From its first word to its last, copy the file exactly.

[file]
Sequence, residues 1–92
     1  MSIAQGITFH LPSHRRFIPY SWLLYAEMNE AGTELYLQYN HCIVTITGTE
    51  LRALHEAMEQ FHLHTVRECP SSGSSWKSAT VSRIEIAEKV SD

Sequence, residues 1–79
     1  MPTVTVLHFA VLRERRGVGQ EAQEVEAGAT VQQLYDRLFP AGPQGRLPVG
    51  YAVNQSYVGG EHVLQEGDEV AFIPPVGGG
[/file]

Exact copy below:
Sequence, residues 1–92
     1  MSIAQGITFH LPSHRRFIPY SWLLYAEMNE AGTELYLQYN HCIVTITGTE
    51  LRALHEAMEQ FHLHTVRECP SSGSSWKSAT VSRIEIAEKV SD

Sequence, residues 1–79
     1  MPTVTVLHFA VLRERRGVGQ EAQEVEAGAT VQQLYDRLFP AGPQGRLPVG
    51  YAVNQSYVGG EHVLQEGDEV AFIPPVGGG